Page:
JAPAN: police take action against nuclear firm over safety failures
Hundreds of police have raided the offices of JCO co, the owner of the uranium processing plant that caused the country's worst ever nuclear accident last week. The raid was to collect evidence of safety violations, and is expected to be followed by formal charges.
President, Hiroharu Kitani is expected to be charged with violating safety regulations. The company has admitted to changing its safety manual, without informing the Government, and allowing the manual transfer of uranium in buckets instead of using appropriate equipment, says the Kyodo News Agency.
The number of people who suffered radiation exposure during the accident was almost certainly higher than the Government estimates of forty-nine due to the high levels of neutron radiation, coupled with the slow evacuation of the area, Greenpeace said today, based on results of an investigation around the site.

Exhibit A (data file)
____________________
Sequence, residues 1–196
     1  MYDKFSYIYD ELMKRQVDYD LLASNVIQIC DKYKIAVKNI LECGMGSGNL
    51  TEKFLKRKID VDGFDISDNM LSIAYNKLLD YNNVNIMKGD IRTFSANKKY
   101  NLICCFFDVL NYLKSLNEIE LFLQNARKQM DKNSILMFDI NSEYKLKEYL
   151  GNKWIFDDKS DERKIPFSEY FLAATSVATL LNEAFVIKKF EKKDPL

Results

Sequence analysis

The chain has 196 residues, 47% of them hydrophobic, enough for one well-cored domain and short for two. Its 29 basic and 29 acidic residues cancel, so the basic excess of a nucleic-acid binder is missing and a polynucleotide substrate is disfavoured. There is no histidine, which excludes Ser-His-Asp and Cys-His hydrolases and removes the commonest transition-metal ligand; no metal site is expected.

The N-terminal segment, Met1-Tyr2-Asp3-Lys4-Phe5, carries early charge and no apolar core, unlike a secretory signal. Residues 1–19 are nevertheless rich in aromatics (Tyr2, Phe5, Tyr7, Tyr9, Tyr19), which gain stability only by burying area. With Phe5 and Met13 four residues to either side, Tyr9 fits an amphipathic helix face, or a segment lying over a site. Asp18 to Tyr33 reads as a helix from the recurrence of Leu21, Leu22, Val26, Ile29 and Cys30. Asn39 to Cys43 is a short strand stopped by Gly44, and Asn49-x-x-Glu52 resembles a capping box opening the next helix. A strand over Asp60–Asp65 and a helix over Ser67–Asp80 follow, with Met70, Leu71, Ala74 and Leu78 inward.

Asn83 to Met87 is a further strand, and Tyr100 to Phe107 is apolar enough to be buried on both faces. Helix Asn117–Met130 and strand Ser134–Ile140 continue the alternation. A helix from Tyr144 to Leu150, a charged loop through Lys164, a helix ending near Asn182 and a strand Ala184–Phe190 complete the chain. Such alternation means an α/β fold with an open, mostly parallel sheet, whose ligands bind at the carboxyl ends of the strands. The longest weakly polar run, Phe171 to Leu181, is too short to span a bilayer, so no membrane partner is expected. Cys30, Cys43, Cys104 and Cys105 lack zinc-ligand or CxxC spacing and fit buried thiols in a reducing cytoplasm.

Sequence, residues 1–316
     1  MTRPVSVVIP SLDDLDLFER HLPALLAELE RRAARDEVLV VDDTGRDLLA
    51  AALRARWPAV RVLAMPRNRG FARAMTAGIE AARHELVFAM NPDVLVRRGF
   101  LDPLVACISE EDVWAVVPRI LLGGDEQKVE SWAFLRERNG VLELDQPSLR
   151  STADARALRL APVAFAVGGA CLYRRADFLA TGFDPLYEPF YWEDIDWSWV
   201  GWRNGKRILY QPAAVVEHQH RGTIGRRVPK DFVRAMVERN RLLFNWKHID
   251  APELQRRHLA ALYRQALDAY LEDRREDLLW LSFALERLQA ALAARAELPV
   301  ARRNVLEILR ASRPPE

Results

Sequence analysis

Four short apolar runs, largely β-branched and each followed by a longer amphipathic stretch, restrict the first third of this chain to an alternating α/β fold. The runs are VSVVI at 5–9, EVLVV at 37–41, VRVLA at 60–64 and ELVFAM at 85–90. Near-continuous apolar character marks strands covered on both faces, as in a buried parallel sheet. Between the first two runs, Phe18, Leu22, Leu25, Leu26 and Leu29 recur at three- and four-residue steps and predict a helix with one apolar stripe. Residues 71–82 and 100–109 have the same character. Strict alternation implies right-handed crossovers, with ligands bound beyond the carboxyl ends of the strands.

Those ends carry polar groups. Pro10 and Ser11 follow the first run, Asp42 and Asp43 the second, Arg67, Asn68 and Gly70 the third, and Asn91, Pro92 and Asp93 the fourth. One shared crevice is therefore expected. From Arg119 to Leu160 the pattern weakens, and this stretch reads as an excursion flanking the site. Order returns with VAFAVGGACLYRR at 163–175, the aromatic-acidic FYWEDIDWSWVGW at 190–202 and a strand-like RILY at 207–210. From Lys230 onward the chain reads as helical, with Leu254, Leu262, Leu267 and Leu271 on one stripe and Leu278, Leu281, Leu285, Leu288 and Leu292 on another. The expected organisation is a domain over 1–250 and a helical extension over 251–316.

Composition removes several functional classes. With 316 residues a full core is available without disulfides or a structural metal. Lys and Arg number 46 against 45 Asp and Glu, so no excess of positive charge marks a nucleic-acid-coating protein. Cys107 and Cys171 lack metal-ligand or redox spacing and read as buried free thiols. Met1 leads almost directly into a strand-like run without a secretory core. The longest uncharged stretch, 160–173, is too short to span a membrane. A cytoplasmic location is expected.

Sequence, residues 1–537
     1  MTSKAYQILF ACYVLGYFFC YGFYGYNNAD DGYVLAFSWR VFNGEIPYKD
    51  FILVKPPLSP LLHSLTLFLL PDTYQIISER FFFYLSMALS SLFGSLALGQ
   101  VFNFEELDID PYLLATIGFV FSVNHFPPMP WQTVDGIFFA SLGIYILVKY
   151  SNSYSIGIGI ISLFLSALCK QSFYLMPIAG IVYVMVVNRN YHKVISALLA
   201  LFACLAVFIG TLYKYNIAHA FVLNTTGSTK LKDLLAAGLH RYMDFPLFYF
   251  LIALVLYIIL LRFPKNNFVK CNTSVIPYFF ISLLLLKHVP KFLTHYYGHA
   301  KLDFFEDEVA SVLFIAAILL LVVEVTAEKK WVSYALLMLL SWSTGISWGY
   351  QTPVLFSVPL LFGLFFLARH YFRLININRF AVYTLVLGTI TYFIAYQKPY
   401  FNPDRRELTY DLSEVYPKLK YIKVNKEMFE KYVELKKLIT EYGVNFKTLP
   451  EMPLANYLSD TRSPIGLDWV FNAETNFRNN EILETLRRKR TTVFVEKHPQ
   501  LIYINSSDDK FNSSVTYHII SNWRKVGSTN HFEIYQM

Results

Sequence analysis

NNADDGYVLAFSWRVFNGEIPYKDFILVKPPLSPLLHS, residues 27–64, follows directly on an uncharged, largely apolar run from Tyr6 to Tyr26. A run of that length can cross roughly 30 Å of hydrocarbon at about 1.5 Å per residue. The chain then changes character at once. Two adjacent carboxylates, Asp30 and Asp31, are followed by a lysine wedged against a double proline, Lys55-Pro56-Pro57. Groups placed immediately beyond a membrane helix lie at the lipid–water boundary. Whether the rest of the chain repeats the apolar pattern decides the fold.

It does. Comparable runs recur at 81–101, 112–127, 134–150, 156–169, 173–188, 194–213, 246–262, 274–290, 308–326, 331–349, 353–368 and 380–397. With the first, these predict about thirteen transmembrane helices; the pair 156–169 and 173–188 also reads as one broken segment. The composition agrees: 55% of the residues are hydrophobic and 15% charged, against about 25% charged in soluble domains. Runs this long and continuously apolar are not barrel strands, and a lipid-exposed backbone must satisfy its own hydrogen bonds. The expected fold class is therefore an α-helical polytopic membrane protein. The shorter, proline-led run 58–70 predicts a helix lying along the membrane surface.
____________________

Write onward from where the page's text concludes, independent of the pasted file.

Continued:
“Greenpeace undertook this survey in order to provide some independent assessment of the levels of radiation and the extent of contamination resulting from the Tokaimura accident,” said Greenpeace Japan executive director, Sanae Shida. “Our results raise further serious questions about the Japanese Government’s nuclear safety and emergency planning procedures and the safety of the nuclear industry in general.”
Japan’s Prime Minister Keizo Obuchi visited the scene of the accident this week, where he plans for new safety legislation on the nuclear industry, in an attempt “to restore public confidence in the nuclear industry.
According to Reuters, JCO’s parent company has decided to close down JCO and withdraw from the nuclear industry, in the likelihood that it’s license will be revoked.